Only vertical, instead of horizontal!
Old farm buildings popped up all around our steep tracks, and very few of them were ruined. Farming is still going on. I wondered how much it was being done by the families who'd farmed there for centuries, and how much was down to a new population who'd chosen alternative lifestyles.
Ahha - a clue!
The yurt was built on a wooden platform (no land flat enough, no doubt) and had a thriving vegetable garden around it. Other old buildings had flags, banners and animal skulls around their gates - the alternative lifestyle theory was gaining ground.
We went on through incredibly verdant hill paths, finding more ancient farm buildings still in use.
As we dropped in zig-zags along the side of the valley, we found ourselves walking along this ancient track, formed on a terrace cut into the hillside, and carpeted in thick drifts of oak leaves.
Reaching the bottom of this particular high valley, we walked for a long while along a wooded river.
Here there were no signs of agriculture,
but plenty of well-made, rustic bridges for the trail.
Son 2 was normally at the front - after one turn we found him holding his nose and pointing at this stinkhorn fungus. They smell of rotting meat, to attract flies.On we went, over more bridges.
We were climbing very gently, following the river as it carved its way through the rocks.
After a last burst of climbing to get us away from the river and back to the hillside church where we'd parked, we stopped for lunch.
There was some reluctance amongst those under 40 to continue the walk after lunch. They'd got settled with their books!
But this second walk took us through much more of the farmed landscape, staying, as it did, on the south-facing slope of the steep valley. We started off, through hamlets and farm settlements, along an old packhorse track - very easy walking, of course, built to bring produce out of the valley into Massat below.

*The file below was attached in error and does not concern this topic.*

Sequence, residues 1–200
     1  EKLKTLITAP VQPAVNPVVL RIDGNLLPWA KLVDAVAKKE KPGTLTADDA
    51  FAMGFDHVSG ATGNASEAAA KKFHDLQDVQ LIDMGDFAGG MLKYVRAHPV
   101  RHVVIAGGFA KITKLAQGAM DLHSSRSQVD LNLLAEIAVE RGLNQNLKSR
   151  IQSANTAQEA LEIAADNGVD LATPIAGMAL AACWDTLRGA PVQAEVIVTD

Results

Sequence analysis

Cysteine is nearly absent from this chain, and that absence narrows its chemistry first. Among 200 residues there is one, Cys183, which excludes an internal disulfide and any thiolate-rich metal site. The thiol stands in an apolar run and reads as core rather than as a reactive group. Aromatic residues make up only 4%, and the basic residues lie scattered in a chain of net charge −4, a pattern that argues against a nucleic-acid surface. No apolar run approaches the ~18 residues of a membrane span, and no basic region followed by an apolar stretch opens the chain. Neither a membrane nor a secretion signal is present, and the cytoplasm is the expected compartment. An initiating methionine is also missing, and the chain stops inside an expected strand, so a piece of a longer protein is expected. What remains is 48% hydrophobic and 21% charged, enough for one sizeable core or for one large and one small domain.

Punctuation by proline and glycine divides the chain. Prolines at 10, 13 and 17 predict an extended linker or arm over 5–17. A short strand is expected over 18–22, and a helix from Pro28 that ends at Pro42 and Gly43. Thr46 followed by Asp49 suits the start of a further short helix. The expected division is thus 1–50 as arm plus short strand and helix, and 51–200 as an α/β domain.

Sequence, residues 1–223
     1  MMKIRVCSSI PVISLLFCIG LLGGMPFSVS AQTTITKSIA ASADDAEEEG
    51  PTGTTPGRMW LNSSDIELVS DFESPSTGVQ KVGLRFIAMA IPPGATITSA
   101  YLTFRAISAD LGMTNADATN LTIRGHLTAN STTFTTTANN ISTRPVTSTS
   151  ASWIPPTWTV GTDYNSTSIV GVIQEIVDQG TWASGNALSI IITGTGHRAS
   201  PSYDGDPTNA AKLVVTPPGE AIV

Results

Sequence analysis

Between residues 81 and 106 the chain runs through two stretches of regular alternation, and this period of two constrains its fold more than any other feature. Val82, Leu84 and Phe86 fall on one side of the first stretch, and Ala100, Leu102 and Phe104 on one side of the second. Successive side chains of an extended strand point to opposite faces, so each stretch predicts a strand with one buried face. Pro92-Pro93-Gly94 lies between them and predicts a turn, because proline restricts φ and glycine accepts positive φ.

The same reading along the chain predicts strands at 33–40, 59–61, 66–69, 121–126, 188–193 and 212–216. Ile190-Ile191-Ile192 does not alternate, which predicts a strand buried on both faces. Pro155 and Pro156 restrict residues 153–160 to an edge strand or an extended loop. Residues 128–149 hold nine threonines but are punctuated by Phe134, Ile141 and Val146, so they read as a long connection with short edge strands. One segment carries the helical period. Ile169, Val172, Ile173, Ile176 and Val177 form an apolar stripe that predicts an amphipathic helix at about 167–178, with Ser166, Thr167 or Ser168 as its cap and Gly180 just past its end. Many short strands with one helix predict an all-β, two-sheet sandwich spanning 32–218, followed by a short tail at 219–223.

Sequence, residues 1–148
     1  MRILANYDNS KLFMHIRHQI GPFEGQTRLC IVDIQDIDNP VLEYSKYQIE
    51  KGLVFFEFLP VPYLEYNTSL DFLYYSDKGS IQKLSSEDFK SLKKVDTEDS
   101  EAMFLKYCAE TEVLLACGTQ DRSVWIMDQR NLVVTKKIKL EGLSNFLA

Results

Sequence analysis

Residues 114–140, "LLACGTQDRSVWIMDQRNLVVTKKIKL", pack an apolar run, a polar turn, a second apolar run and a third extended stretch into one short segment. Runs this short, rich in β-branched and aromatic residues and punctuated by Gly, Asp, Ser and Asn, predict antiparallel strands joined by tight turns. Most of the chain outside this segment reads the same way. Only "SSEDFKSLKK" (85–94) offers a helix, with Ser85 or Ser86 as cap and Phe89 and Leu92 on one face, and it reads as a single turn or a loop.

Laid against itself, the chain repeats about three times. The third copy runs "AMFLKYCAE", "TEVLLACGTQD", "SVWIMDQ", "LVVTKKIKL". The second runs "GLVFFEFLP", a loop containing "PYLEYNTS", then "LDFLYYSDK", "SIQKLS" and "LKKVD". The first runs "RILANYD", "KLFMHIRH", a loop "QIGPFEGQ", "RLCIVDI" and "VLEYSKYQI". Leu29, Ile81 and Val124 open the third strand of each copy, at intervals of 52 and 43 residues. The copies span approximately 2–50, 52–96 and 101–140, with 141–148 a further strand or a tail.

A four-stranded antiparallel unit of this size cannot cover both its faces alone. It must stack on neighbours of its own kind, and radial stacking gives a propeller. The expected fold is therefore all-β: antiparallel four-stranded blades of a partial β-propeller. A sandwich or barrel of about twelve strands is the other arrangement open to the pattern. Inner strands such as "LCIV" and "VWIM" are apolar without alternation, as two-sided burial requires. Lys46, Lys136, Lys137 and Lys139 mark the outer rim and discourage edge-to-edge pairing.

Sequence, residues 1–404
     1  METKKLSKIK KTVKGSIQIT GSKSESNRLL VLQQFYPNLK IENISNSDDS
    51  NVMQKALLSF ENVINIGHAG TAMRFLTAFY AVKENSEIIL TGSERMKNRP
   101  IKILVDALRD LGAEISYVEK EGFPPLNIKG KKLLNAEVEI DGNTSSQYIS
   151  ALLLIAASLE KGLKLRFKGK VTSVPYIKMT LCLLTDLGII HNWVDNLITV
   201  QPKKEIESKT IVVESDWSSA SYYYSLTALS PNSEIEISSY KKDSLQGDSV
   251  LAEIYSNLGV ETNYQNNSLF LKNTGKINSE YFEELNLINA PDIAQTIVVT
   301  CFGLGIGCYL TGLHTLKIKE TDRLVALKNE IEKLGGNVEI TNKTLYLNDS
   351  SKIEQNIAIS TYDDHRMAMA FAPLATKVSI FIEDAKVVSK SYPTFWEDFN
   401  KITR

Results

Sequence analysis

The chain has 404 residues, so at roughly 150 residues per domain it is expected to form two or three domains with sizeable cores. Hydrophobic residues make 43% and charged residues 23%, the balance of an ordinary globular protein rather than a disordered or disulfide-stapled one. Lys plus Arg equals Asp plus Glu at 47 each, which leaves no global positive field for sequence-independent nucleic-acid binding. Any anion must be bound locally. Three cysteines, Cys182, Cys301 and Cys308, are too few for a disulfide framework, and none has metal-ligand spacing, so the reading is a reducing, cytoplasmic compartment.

Although there were plenty of trees, we also noticed many more meadow flowers than in the morning.
I had scabious in my wedding bouquet, and it remains a favourite!
Leaving the packhorse track, we climbed (poor tendons) up to a higher terrace, where we followed more tracks, past more barns and houses, through more hilltop hamlets.
The track was more open now, and the sun had come out again, which made the climbing a bit of a struggle, but the little houses and, especially the flowers on the banks,
and in the steep meadows, were an absolute delight.
Our track took us rather further than we'd intended, and we ended up in the high hamlets, actually dropping steeply back down to the hillside church.The two walks were a beautiful (although rather tiring) way to learn about the agricultural past and present of the Ariege valleys, and were a great way to prepare for the excitements that were to come at the Marché Nocturne in the market town of Massat, which still serves as a first point of sale for many of the artisans and farmers living in the wooded valleys beyond the town. So I'll tell you about that, tomorrow!